Dennise Burgess of Pax Christi presented Bishop O'Dowd High School Junior Nicholas Desler with a $500 award for his multimedia slideshow on St. Mary's Center in Oakland.
Pax Christi awards BOD junior
for slideshow on peacemaking
Perhaps one of the favorite songs among Roman Catholics is "Peace Prayer of St. Francis" attributed to the beloved 13th Century Italian saint Francis of Assisi.
But it may be we're more comfortable singing the hymn during Mass, treasuring prayer cards inscribed with it or placing statues of St. Francis in our homes or gardens and leaving his actual peacemaking to others.
The 1,700 members of Pax Christi Northern California integrate peacemaking into day life through prayer, study, advocacy and action. To introduce this movement within the Church to a younger generation of Catholics, the regional council decided to offer a $500 prize to Catholic high school students throughout the seven northern California dioceses in which Pax Christi members reside. Drawing from the theme of this year's fall assembly "Building a Just Peace in a Conflicted World" the $500 prize was offered to a student who developed a multimedia project that best captured this theme.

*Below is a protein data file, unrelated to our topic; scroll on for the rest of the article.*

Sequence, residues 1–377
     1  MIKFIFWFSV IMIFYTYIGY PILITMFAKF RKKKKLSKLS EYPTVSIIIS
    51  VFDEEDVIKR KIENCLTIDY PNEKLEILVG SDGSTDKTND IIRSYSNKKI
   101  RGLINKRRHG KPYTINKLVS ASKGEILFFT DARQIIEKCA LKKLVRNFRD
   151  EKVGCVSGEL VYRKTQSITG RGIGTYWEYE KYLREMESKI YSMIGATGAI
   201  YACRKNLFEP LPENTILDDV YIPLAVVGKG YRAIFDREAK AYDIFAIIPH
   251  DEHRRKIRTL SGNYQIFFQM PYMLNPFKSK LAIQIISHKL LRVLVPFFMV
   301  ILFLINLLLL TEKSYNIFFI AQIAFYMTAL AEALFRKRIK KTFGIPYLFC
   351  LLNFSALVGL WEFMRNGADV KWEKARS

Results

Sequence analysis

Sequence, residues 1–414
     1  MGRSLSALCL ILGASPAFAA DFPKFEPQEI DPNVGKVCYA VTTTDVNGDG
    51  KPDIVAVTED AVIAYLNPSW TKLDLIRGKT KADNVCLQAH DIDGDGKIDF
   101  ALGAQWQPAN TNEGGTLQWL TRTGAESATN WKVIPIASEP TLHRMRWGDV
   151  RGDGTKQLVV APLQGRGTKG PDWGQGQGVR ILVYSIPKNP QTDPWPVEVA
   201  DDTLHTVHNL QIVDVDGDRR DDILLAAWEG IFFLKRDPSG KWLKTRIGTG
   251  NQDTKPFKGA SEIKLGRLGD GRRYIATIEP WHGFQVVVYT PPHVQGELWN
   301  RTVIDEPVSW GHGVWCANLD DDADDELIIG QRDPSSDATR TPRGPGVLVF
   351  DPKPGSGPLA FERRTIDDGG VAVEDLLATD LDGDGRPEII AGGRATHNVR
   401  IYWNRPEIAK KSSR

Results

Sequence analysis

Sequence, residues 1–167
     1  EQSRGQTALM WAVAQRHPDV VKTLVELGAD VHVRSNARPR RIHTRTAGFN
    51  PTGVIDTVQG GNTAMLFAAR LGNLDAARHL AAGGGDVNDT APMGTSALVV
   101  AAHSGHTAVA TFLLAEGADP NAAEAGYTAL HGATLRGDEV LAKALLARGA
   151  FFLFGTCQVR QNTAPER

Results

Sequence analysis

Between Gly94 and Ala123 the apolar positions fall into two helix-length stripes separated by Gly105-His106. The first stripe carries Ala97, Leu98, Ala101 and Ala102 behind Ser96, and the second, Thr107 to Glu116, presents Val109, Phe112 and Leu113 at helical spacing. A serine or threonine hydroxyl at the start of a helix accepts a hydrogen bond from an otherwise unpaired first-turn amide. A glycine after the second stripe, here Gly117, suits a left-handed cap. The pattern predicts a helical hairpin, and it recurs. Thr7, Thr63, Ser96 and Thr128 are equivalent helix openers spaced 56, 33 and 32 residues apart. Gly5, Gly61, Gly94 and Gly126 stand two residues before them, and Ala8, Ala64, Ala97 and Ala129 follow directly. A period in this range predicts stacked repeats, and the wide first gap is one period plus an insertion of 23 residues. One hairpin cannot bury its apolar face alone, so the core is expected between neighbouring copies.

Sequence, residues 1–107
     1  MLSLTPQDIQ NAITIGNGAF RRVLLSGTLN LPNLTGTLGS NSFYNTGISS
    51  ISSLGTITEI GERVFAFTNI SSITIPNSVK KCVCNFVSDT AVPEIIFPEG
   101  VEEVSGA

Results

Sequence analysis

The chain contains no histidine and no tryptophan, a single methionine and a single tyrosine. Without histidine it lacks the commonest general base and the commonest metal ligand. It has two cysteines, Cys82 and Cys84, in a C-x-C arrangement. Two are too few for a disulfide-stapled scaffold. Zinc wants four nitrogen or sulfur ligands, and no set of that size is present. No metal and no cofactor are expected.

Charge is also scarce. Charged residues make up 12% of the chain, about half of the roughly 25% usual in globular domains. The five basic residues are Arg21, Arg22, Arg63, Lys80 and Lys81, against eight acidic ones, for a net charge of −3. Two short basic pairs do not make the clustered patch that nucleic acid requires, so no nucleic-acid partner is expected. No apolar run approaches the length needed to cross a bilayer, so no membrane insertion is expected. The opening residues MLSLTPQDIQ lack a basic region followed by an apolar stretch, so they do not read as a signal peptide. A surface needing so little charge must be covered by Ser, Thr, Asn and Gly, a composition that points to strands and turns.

Students were instructed to draw from Jesus' teachings of forgiveness, reconciliation and peacemaking, themes and practices from Catholic social teaching and from peacemakers outside the Catholic tradition like Martin Luther King, Jr, Mohandas Ghandi and others.
Nicholas Desler, a junior at Bishop O'Dowd High School in Oakland, was selected as the winner. His project focused on St. Mary's Center, Oakland.
Nick saw "... the staff and volunteers as peacemakers ... who selflessly work on behalf of senior citizens and homeless people to improve conditions in their community." Desler believed one of the lessons students can learn is "...the imperative to stress to youth the importance of peace and service for our future depends upon this."
Regional council member Dennise Burgess, who helped organize and coordinate the contest, expressed similar sentiments of her colleagues: "By encouraging the contestants to research Scripture and church teaching, we hope they will better understand how, as Catholic Christians, we are called to work for peace in our communities, nation and world."
Pax Christi, founded after the ravages of World War II in Europe, was introduced in the United States in 1972 by a small group of Catholics including Dorothy Day, the co-founder of the Catholic Worker movement. There are now more than 250 local and campus groups in the U.S.
For more information, see paxchristinorcal.org.
(Tom Webb is the regional coordinator of Pax Christi Northern California and staff member of the Oakland Catholic Worker.)
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